Thursday, February 18, 2010

Josephine, September 15-Februaray 5, 2010

Every time I think I have some control over this chicken thing, that is, I can raise a chicken from a young age, bond with some little, or big thing about its personality, and feel confident that I am acting responsibly for another animal's well-being, I am brought back to the harsh reality that life is so fleeting for the smallest of beings and I am not in charge.

That's what happened two weeks ago when I let the girls out into the yard after I returned from an early morning run. I've done that dozens of times...the automatic letting them out to play and explore, search out tasty morsels (even in February!) and just be chickens. I went in to shower without giving them another thought and then did my usual visual search of the girls in the yard after. Since there are some blind spots in the yard I wasn't concerned that I couldn't see them and I went out to the kitchen back steps to check on everyone. Some bird flew out from under the steps and I thought at first it was a morning dove, just by the flutter of its wings. But as I looked at it up in the tree I realized this was a hawk and with absolute dread I ran out and looked under the porch steps where I found Josephine, already dead.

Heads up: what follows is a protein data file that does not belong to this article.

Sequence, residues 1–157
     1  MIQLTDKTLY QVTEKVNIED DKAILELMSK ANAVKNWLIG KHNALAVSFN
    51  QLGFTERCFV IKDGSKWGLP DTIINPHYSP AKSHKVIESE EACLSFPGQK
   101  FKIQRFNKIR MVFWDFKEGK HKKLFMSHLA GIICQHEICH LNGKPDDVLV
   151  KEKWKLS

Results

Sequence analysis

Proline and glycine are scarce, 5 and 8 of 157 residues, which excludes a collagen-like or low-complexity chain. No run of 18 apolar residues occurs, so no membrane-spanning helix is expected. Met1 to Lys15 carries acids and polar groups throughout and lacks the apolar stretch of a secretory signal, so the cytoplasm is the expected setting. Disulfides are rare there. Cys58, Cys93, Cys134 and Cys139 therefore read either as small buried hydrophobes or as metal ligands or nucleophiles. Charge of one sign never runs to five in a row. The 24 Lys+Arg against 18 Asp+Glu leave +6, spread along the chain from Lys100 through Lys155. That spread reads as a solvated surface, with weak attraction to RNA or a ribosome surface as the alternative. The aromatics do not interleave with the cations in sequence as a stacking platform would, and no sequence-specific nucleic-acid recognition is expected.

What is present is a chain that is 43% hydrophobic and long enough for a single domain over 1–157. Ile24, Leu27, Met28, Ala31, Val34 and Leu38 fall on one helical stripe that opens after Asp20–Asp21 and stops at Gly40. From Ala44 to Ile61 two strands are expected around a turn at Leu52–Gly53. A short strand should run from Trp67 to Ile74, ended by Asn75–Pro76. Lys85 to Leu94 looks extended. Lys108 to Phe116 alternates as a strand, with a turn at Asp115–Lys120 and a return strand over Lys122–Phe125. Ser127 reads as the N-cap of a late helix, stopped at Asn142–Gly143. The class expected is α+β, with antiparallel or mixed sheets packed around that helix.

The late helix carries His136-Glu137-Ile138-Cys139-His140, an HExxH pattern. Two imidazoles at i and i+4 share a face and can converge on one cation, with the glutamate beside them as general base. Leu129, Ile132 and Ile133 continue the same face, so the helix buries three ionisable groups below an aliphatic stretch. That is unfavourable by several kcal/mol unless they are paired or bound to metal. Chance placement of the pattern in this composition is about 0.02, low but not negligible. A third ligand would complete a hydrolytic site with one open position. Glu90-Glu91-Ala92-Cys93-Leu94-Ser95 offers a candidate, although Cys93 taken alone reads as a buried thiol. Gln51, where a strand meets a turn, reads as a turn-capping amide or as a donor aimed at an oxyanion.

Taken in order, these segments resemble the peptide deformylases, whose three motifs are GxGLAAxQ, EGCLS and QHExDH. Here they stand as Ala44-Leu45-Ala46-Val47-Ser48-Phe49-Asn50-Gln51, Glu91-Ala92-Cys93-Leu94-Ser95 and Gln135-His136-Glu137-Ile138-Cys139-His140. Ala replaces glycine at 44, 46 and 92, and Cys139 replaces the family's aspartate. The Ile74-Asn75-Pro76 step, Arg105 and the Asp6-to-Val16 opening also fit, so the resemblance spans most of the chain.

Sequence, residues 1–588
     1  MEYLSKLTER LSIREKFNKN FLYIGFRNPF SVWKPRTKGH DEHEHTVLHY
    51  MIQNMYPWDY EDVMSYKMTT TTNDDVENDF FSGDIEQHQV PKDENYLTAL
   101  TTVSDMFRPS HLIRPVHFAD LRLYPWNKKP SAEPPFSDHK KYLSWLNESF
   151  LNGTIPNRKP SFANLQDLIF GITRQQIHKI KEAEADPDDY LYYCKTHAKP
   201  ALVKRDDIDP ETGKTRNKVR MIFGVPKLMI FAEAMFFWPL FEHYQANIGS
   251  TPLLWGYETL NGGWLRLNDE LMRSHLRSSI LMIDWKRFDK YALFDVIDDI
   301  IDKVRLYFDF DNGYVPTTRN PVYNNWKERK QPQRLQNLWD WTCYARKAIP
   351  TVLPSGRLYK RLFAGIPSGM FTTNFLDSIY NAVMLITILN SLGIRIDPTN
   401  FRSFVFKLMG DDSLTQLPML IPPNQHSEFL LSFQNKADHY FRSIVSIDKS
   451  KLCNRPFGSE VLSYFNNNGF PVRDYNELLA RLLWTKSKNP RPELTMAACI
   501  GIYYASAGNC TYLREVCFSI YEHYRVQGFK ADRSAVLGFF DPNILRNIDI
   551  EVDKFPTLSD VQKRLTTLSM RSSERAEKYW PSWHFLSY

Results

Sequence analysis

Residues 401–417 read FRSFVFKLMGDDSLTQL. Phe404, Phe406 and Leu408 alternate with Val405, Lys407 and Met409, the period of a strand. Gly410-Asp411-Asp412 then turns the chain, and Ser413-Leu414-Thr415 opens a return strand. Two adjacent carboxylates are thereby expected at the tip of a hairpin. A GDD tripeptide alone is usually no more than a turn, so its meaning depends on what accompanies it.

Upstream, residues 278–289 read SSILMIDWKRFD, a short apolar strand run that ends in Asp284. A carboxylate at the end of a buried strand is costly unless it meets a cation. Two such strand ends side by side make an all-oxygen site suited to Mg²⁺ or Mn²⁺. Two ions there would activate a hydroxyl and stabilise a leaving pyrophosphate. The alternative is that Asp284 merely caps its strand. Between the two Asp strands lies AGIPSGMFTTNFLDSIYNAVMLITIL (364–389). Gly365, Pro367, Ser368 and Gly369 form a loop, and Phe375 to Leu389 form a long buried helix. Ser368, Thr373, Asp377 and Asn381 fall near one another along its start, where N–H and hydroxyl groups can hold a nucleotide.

I'm the kind of person that says a silent prayer over road kill and I cannot stand to see another animal suffer in any manner. So finding Josephine like this was almost unbearable and I was consumed with grief. The hawk kept watch in that tree for 2 more hours and it then moved right into my driveway where it sat for another hour staring at the porch. I know the hawk was just doing what it needed to but it was awful.

The other 4 girls, being more 'street-wise' had scrambled for the back of the yard where they were hiding in the pile of Christmas trees I have gathered over the past few years. My guess is that Josephine got caught near the driveway and headed for the safe spot under the steps, or so she thought. (Am I giving too much credit to a small chicken?) I was surprised the hawk followed her there and I am just grateful it was not long that Josephine suffered.

Naomi, bless her heart, was there for me and together we buried Josephine on that cold winter morning. Naomi read from the Book of Common Prayer and I just cried a lot. Josephine joined Althea and Eunice in our backyard where we have set aside space for our beloved girls. She couldn't have been a sweeter chicken...she loved to climb on my back when she thought the big girls were picking on her. And she faithfully played with Hazel, whether it was in the basement or out in the tractor.

My next thought was how was Hazel ever going to blend in with the other hens now that she didn't have Josephine. I know I'm talking about these chickens like they were my children but that's sometimes how they feel. Since Josephine's death I've tried to get Hazel out to the tractor more and to let all the girls mingle with supervision. No one left the coop for 2 days after the hawk attack as I was a wreck about a return visit. Since then I've seen no sign of that hawk though another one visited this week and I scurried everyone back in the coop when it came by.